Simply put; not really. It’s a common misconception amongst many, even by some heating and cooling technicians, that your furnace is drying out your home. The operation of your furnace alone won’t make your home dry. While we’ll be the first to admit that certain types of combustion appliances in the home can be a contributing factor, it’s very miniscule and it really isn’t the sole operation of a furnace that is directly related to the dry feeling many homeowners experience at this time of the year.

So why does it feel so dry? Each home can become dry for a myriad of reasons, but the primary drivers typically fall into one of three areas.

A home that is too leaky. Homes that are leaky from an air leakage standpoint, not only cost more to operate but can become very dry, as cold and dry outdoor air is admitted into the home. Whether it be simple leaks around doors or windows, or air leaks you aren’t aware of, that cold and dry air can make you feel, well, cold and dry.

Leaky duct work. If you live in a home that has ducts traveling in an unconditioned crawl space or attic, you can be admitting cold and dry outdoor air into the home. Ducts that travel outside of the conditioned space of the home can draw in cold and dry air when your furnace is running, and when it’s off.

An over-ventilated home. If you live in a newer home that has a ventilation system, that’s a good thing. Ventilation systems help us provide much needed air into the home to improve things like, indoor air quality and moisture control. Unfortunately, if you provide too much outdoor air, you can be unnecessarily increasing your bills and making your home more dry.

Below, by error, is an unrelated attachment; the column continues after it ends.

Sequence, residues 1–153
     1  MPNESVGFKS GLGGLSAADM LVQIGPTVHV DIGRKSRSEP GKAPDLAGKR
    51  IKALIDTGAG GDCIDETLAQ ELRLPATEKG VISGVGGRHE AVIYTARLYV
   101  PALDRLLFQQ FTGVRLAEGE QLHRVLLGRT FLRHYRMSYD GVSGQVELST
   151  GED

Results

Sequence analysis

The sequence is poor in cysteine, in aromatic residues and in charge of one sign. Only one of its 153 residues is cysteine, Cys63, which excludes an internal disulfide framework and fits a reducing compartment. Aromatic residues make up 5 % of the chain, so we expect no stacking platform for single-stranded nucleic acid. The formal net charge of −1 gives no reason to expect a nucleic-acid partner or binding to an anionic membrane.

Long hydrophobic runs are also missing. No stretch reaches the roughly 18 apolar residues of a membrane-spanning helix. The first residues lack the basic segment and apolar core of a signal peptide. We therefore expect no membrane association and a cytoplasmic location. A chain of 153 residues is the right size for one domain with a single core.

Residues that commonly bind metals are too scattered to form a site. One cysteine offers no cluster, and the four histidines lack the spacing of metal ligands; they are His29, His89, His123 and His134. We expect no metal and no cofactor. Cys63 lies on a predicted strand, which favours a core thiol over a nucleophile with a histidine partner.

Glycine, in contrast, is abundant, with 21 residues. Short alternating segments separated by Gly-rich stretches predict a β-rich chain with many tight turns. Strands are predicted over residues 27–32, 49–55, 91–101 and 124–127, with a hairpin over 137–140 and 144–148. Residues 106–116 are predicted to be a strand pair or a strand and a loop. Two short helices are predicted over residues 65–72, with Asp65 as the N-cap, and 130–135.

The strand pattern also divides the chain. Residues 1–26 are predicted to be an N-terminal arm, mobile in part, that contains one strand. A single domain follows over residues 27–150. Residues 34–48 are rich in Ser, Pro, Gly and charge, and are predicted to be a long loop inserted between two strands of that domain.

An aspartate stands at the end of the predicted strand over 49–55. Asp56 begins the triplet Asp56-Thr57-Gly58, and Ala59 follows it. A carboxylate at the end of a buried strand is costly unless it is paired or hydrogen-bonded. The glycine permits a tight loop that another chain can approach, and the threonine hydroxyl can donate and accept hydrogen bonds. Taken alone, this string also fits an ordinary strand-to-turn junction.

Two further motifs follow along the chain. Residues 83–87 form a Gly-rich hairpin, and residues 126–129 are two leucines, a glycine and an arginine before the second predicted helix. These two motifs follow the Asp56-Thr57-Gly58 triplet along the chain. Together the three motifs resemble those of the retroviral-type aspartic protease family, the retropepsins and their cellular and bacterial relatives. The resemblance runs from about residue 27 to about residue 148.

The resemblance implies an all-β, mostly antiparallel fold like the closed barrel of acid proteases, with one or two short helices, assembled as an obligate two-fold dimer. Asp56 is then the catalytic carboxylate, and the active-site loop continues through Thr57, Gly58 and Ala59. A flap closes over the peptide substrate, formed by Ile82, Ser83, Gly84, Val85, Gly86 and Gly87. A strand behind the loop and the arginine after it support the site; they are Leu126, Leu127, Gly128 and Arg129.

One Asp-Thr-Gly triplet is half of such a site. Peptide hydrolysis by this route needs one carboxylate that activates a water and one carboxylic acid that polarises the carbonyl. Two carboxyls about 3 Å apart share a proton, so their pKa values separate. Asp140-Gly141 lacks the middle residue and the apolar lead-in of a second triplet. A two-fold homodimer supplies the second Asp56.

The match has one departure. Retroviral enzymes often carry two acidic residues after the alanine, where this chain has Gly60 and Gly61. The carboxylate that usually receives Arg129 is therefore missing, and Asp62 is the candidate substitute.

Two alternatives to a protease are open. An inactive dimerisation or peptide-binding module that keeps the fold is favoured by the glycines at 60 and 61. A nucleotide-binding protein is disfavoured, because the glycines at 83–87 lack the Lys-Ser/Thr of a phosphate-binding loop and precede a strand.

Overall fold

So what is a homeowner to do? First, if you live in a home that feels cold and leaky, it may be time to make some minor improvements to the home. Sealing up your home with items like weather stripping, caulking, and a little foam can make vast changes. If you’ve already done these items, or you feel your home may be a bigger challenge than just a tube of caulk, it may be time to consider an energy audit.

Having an energy audit can show you exactly where your home is leaking and give you insight on other areas of the home that may have a large impact on your home’s comfort and energy bills. If you have ducts outside the conditioned space of the home, consider bringing them inside. If that is simply not an option, then it would be wise to seal and insulate the ducts which travel beyond the conditioned space.

Lastly, if you have a home with a ventilation system, don’t over ventilate. While easier said than done, a simple reference to your manufacturer’s ventilation manual may provide an idea if your current settings are where they should be. If you find your settings are where the manufacturer suggests, then a bit of experimenting with the settings may be just the trick.